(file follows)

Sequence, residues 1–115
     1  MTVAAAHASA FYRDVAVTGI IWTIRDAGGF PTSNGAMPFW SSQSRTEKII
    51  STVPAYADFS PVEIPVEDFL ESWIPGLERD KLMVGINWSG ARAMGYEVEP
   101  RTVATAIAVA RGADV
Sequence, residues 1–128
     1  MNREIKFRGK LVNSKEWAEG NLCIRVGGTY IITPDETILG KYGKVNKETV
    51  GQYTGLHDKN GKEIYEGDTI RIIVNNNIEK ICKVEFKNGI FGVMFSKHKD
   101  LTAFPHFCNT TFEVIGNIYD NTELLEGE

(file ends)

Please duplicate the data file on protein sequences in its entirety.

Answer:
Sequence, residues 1–115
     1  MTVAAAHASA FYRDVAVTGI IWTIRDAGGF PTSNGAMPFW SSQSRTEKII
    51  STVPAYADFS PVEIPVEDFL ESWIPGLERD KLMVGINWSG ARAMGYEVEP
   101  RTVATAIAVA RGADV
Sequence, residues 1–128
     1  MNREIKFRGK LVNSKEWAEG NLCIRVGGTY IITPDETILG KYGKVNKETV
    51  GQYTGLHDKN GKEIYEGDTI RIIVNNNIEK ICKVEFKNGI FGVMFSKHKD
   101  LTAFPHFCNT TFEVIGNIYD NTELLEGE